Is Delta Biting the Hand That Feeds It?

U.S. Export-Import Bank has said its decision today to back an $84.8 million loan to Brazilian airline Gol will benefit Delta Air Lines (NYSE:DAL), though Delta has in the past criticized the bank’s financing practices.

The bank’s board of directors approved the guarantee for Gol, or VRG Linhas Aereas SA, to ship engines from São Paulo to the U.S. carrier’s headquarters in Atlanta for servicing by Delta’s maintenance, repair, and overhaul unit, TechOps, according to a bank statement. Delta TechOps services Delta’s fleet of 775 aircraft as well as more than 150 international airline and aviation customers.

Fred Hochberg, the bank’s chairman and president, said the financing will help “sustain high-quality technical jobs for Delta employees in Atlanta.” Delta is at the center of controversy over whether or not to renew the Export-Import Bank, a federal agency that supports exports by helping overseas buyers purchase goods and services from U.S. companies. According to Senator Jim DeMint, a South Carolina Republican and founder of the Senate Tea Party caucus, the bank favors foreign airlines over U.S. carriers, such as Delta, in buying new aircraft.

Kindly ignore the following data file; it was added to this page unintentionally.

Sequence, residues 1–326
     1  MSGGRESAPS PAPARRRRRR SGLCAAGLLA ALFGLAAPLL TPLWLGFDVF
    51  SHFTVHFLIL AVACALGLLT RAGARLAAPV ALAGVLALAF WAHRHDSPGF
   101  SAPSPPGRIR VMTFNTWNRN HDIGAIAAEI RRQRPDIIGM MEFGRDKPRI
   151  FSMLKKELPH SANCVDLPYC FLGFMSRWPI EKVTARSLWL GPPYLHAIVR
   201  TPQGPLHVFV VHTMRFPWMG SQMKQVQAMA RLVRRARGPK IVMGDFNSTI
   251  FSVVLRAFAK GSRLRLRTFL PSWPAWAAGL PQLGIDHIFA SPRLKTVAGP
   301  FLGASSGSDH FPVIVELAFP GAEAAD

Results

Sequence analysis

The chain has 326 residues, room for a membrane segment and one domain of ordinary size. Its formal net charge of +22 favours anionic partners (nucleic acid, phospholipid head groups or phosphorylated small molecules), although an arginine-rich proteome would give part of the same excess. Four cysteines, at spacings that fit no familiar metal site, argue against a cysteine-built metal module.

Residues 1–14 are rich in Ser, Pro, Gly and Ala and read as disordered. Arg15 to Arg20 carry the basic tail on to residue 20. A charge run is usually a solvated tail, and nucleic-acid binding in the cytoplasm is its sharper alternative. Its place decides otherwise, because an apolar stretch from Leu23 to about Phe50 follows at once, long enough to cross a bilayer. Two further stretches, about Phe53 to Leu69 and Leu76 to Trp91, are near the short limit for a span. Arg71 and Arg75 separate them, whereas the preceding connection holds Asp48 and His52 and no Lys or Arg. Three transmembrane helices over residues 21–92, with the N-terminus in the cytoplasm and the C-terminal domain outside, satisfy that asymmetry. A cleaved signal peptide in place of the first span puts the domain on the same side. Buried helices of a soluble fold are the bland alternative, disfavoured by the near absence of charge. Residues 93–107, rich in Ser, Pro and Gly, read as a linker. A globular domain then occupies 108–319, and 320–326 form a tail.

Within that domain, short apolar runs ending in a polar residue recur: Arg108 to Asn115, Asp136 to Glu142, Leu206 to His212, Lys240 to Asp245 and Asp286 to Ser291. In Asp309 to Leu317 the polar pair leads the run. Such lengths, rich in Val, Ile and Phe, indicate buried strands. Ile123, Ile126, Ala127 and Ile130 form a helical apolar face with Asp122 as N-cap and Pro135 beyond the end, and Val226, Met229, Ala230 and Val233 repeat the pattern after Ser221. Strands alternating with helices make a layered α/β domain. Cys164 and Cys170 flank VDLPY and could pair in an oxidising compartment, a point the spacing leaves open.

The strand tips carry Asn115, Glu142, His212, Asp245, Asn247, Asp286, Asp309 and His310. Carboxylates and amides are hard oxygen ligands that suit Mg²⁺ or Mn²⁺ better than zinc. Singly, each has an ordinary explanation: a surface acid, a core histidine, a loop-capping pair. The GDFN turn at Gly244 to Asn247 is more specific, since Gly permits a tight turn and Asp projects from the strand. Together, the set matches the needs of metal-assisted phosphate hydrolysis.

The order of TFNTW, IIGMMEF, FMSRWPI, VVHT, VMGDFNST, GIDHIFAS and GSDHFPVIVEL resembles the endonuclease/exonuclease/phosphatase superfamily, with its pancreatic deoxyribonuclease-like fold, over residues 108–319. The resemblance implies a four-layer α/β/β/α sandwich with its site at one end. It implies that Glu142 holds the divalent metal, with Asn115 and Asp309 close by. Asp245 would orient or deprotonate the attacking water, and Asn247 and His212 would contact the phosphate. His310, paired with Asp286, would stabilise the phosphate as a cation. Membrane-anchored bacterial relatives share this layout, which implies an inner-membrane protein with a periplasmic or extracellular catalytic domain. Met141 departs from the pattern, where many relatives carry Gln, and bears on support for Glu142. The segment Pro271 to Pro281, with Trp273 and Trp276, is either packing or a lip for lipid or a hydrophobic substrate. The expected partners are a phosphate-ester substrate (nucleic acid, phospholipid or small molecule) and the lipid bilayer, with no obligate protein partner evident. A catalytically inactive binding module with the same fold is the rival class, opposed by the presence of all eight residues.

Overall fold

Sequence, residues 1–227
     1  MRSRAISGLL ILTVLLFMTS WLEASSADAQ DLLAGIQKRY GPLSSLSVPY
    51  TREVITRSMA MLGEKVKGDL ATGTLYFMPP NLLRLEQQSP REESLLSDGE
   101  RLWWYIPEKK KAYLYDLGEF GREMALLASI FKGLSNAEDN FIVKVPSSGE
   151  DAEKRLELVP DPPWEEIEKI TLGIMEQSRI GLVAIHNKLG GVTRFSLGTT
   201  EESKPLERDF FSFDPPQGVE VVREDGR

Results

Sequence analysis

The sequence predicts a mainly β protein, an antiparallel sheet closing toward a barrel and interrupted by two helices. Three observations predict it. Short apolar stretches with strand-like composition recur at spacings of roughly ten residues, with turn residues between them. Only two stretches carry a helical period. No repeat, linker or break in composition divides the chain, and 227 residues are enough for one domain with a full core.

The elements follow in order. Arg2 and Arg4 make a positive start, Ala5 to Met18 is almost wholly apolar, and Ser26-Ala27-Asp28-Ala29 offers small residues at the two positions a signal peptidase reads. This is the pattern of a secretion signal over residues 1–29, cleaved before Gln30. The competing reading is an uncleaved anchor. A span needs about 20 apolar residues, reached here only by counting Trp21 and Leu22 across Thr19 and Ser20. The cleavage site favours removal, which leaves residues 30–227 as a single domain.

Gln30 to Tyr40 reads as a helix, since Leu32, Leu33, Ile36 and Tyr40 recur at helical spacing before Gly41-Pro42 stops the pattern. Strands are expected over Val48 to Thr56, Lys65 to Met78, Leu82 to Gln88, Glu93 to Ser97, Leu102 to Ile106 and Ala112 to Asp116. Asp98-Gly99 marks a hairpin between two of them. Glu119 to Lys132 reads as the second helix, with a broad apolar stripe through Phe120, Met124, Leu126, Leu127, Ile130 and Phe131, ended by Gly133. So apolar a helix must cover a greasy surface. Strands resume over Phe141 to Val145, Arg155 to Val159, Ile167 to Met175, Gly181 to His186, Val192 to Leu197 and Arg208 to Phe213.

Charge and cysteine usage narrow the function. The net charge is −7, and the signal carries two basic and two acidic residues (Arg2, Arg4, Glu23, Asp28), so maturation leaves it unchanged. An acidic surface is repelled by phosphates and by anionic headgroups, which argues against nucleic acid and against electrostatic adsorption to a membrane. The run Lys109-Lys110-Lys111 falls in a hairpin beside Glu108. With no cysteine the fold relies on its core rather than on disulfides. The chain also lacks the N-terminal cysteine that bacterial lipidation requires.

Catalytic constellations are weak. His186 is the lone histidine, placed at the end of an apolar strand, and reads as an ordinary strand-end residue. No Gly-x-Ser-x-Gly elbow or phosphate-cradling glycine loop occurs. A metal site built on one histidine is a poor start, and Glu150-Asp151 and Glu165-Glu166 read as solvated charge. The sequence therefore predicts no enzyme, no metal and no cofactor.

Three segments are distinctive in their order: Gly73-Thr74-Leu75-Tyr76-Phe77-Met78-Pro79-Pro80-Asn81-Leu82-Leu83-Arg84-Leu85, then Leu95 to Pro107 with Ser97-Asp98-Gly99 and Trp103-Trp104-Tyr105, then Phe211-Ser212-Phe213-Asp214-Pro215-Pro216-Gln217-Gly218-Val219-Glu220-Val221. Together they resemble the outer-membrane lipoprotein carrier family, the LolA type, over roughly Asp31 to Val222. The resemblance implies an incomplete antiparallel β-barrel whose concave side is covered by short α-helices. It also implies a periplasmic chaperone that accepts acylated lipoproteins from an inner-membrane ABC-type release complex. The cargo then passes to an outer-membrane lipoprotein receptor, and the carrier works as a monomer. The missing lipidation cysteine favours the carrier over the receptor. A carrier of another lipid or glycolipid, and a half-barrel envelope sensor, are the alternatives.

Delta spokesperson Trebor Banstetter said the bank should create “a diplomatic path to find a better way to balance foreign credit agencies without damaging U.S. companies and their employees.” The lender’s decision-making needs to be more transparent, he said in an email to Bloomberg.

The bank said that under a 2010 agreement, Delta performs maintenance on Gol engines in aircraft made by Boeing (NYSE:BA). The loan guarantee covers two years of a five-year contract with TechOps.

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